Two Artworks By Gen.T Honourees Speak Cryptic And Robert Zhao On Display For Singapore Bicentennial
This bicentennial year has seen a multitude of tributes to the nation through a variety of platforms. And in the spirit of bringing the arts to our heartlands and public spaces, the Public Art Trust (PAC), an initiative by the National Arts Council (NAC), has commissioned three artists to create public artworks that commemorate this key milestone in Singapore's rich and storied history.
Crossing Shores by Speak Cryptic
Many might recognise his signature illustrative style as visual artist Farizwan Fajari's (otherwise known by his professional moniker, Speak Cryptic) work stands tall at 4 metres high. Set against the backdrop of the sea at East Coast Park, the sculpture explores the theme of migration—a crucial aspect in Singapore's history—and pays tribute to the unique racial and social fabric of the country.
Designed to show an amalgamation of individuals who make up the fabric of Singapore society, Speak Cryptic invites audiences to stand amongst the faces, to be reminded of how it takes a nation of diverse individuals from different lands to build a home.
To further the narrative of national identity, perhaps it also serves as a point of reflection and louder call for strong social integration in contemporary times, too.
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The Time Tree by Robert Zhao
Inspired the sheer size and age of the Changi Tree, multi-disciplinary artist Robert Zhao has created a reimagined version of it presented in two parts, that acknowledges Singapore's pre-modern history that goes beyond the colonial era as well. As the tree once stood tall at 76.2 metres high, it was historically known to have been cut down by British forces, in fear of it serving as a ranging point for enemy troops during World War II. It was then recorded in February 1942 by Humphrey Morrison Burkill when he was taken as a prisoner of war that the last tree was destroyed due to an explosive that went off, ten feet above the ground.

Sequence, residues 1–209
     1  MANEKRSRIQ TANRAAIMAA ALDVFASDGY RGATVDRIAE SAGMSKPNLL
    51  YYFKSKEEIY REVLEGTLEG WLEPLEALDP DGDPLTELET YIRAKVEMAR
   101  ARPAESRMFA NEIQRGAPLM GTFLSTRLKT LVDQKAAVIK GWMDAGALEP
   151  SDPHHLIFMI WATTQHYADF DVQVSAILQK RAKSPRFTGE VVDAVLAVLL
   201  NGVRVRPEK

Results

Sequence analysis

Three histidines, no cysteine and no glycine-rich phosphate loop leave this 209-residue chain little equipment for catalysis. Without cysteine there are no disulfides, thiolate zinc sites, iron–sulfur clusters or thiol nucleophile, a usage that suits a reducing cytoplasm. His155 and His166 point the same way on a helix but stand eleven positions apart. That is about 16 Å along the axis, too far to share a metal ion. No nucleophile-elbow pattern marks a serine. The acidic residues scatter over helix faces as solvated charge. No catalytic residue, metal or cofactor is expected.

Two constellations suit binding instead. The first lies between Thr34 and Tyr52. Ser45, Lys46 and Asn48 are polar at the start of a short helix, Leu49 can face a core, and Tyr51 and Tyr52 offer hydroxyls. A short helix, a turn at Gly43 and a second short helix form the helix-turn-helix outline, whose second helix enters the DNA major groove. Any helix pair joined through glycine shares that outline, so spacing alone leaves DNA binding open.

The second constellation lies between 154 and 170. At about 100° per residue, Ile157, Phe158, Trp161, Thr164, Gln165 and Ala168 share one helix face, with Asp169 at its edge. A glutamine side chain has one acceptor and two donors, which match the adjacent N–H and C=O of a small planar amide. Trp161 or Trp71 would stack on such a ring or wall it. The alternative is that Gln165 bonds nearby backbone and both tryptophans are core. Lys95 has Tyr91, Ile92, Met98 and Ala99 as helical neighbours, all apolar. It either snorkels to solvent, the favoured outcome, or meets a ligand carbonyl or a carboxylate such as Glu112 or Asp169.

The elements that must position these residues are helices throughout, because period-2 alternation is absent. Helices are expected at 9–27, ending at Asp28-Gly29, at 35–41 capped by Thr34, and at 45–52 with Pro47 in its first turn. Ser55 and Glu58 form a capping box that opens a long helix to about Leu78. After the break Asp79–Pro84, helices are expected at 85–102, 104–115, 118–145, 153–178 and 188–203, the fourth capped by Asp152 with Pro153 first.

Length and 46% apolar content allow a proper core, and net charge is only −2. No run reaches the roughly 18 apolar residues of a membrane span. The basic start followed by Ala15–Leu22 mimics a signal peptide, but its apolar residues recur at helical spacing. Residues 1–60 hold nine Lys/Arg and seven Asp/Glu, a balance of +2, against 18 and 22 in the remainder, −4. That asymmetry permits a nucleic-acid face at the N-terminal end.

Zhao's installation, that showcases a cross-section and upright tree stump, is currently located at Fort Canning Park from now till the end of September, and will subsequently move on to be showcased at Jurong Lake Gardens from October to December 2019, and Raffles Place Central Square from January to March 2020. At night, The Time Tree illuminates from within the gaps and cracks to give audiences a sense of mystery and ambiguity.
For the uninitiated, the installation is a product of highly technological 3D printing and furniture making techniques from the past.
While the use of 3D printing ushers in new possibilities of what art can come to be in the future, adopting the use of traditional furniture making methods offers a balanced collaboration of both old and new techniques. For Zhao, he made use of a fibreglass mould that has not been utilised since ten years ago to recreate the texture of the tree's bark, a technique that was used often only in the past.
Besides, it resonates with the notion of harmonious existence between new-age technology and the preservation of older traditions—a topic that is relevant now more than ever, against the current landscape of digital transformation and innovation.
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